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MWPAI gears up for summer with array of classes, events

Jack Elliott, Special to the Daily Sentinel
Posted 7/9/22

Munson-Williams-Proctor Arts Institute, 310 Genesee St., is gearing up for a summer full of events, including a crammed schedule of summer Community Art Education classes for all age groups. …

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MWPAI gears up for summer with array of classes, events

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UTICA — Munson-Williams-Proctor Arts Institute, 310 Genesee St., is gearing up for a summer full of events, including a crammed schedule of summer Community Art Education classes for all age groups.

While some classes begin Monday, registration is still open for additional courses and workshops. Some classes are held over multiple weeks, while other workshops and mini classes are held in one session to accommodate students’ varied schedules.

Several of the courses are three-weeks long and run from mid-July to mid-August. However, there are plenty of other classes with early and late start dates, as well as mini-courses that run for a single session.

Classes are offered based on age group, with kids, teens, and adult courses available. Program scholarships are even available for children, teens and adults.

This year, youth classes are all tuition free through a new grant provided by the state Gun Violence Prevention Program, which explains why almost all of those courses are already full, said Audrey Taylor, community arts education and residency director at the institute. In total, around 300 people are already registered for classes.

Classes range from drawing and ceramics to chain making, stop-motion animation and multi-figure painting inspired by the current Norman Rockwell exhibition open in the museum gallery. Offering the full range of art is part of the appeal of the MWP art classes, said Taylor.

“Our strengths are teaching fundamentals and teaching new techniques and mediums. This gives students a wider launch pad for a future in art,” she said.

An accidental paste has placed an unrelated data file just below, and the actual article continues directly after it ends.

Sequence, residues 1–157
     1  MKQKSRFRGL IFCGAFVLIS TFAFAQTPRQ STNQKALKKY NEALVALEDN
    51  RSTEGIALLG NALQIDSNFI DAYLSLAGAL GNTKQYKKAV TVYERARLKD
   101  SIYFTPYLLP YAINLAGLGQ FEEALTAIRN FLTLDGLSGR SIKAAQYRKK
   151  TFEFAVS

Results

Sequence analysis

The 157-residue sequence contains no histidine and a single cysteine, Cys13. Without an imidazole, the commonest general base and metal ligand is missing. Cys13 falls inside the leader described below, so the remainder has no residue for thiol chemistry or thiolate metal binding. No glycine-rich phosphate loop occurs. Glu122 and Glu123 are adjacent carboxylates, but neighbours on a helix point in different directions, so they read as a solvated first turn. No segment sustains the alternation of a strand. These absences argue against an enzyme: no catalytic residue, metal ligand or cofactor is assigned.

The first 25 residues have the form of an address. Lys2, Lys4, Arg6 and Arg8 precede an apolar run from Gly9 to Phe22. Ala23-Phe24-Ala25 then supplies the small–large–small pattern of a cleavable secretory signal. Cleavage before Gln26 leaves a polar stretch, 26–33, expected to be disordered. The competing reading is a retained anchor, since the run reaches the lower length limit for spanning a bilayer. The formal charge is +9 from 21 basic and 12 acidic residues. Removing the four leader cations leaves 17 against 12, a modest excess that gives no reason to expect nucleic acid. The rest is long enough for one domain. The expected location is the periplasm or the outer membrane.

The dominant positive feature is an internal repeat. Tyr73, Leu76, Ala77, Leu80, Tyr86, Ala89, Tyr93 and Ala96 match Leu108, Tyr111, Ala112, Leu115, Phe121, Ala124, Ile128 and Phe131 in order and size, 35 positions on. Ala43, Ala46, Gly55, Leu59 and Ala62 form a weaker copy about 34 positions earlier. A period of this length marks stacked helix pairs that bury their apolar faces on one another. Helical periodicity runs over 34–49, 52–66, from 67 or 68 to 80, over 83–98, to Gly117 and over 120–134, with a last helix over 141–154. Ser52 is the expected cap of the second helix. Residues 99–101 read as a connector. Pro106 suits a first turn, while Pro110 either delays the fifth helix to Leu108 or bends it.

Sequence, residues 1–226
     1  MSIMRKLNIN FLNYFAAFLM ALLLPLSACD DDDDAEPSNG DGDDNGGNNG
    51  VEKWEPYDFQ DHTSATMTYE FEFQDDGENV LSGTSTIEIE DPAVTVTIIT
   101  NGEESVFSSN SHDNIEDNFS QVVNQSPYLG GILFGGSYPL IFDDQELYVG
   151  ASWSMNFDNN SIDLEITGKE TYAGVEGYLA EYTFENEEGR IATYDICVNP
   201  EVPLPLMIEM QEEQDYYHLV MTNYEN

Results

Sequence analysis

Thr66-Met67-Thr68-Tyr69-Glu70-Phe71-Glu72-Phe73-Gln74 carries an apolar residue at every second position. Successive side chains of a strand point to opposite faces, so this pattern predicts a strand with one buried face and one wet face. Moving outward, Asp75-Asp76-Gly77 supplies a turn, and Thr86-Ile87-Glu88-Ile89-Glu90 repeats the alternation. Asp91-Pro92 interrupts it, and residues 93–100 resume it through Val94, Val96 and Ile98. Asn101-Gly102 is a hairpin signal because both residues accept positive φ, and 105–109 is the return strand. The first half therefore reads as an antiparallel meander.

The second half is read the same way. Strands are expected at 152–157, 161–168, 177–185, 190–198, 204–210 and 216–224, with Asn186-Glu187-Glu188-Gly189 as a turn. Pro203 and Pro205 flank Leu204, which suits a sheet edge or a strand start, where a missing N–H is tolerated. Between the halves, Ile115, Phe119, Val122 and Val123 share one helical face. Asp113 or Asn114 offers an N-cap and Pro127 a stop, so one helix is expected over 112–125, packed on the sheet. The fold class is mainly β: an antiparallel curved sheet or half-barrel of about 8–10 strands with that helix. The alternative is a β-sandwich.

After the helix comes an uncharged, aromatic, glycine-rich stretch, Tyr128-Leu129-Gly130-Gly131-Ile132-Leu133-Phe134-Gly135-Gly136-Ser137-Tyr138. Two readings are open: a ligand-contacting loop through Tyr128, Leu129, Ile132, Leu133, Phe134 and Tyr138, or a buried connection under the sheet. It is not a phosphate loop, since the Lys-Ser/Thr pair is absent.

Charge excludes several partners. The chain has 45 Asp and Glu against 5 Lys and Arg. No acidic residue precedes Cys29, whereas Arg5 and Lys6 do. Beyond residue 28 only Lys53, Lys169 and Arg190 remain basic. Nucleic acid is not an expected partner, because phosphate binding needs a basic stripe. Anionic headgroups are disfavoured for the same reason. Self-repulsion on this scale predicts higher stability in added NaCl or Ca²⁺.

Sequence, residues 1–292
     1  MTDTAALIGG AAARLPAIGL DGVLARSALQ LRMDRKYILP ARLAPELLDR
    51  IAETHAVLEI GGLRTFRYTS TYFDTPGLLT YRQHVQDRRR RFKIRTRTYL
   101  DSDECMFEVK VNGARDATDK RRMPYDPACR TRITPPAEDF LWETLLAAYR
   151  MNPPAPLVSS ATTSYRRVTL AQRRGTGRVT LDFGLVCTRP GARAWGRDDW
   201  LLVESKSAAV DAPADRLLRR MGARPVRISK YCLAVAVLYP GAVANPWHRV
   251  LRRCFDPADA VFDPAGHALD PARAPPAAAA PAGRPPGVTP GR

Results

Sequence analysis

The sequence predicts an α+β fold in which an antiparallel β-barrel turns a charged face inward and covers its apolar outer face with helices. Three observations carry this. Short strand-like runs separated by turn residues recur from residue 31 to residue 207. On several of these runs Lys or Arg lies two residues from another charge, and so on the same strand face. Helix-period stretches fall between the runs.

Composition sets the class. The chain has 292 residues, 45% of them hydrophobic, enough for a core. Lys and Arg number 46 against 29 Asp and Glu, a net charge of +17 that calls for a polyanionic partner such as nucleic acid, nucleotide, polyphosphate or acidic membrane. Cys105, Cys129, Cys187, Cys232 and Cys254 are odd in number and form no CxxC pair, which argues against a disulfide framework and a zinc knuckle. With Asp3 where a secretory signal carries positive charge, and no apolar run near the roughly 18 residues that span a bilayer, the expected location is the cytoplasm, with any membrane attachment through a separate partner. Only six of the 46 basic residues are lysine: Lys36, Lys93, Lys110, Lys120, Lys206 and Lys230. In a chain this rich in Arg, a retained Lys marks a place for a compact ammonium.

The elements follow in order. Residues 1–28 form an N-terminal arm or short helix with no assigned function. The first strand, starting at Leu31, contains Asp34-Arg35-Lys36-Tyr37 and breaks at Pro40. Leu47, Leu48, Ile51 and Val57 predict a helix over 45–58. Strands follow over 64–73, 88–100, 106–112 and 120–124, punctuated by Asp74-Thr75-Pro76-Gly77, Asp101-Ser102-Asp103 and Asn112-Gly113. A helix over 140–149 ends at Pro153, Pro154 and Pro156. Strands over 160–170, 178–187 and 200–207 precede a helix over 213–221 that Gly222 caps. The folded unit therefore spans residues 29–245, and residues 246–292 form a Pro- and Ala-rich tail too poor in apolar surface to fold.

MWPAI is still working on rebuilding its program after COVID-19. During the height of the pandemic, the art center was forced to suspend all youth classes and enrollment for other classes declined as well. The school has still not returned to its pre-COVID class sizes and some courses have been discontinued for the time being, according to Taylor.

However, she said, there are many efforts to fully rebuild the community arts program. A new roster of classes is being looked into, and MWPAI is looking forward to an improved digital and design curriculum in the coming years.

Taylor stressed the importance of the classes for all age groups, claiming that they are both educational and enjoyable.

“Our courses are a good way to release stress and many people say that they come here for relaxation and therapy,” she said. “People can let out their energy while learning about the techniques and history of art.”

Taylor also said that many people may discover — or rediscover — a passion that they hold for art while at the summer classes. In particular, the youth classes serve to give students a way to explore and learn about the world of art.

“The youth programs here do an excellent job fostering creativity,” said Taylor. “People often say that taking an art class here as a kid made a large impression on them. The classes introduce kids to new spaces and allows them to try forms of art they otherwise may not have access to.”

Students “also get exposed to different materials and quality materials that may not be an option at home or at school,” she added.

The classes are all held in the same facility at Munson-Williams-Proctor Arts Institute. A full calendar of courses as well as registration information is found online at www.mwpai.org.

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